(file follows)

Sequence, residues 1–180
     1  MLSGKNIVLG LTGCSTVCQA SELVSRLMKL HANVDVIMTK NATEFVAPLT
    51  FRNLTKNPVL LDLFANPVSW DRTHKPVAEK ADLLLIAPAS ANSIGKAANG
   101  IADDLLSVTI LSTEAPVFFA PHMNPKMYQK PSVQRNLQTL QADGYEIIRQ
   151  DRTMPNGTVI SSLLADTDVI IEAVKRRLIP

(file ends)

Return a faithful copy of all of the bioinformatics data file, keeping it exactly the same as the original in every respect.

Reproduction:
Sequence, residues 1–180
     1  MLSGKNIVLG LTGCSTVCQA SELVSRLMKL HANVDVIMTK NATEFVAPLT
    51  FRNLTKNPVL LDLFANPVSW DRTHKPVAEK ADLLLIAPAS ANSIGKAANG
   101  IADDLLSVTI LSTEAPVFFA PHMNPKMYQK PSVQRNLQTL QADGYEIIRQ
   151  DRTMPNGTVI SSLLADTDVI IEAVKRRLIP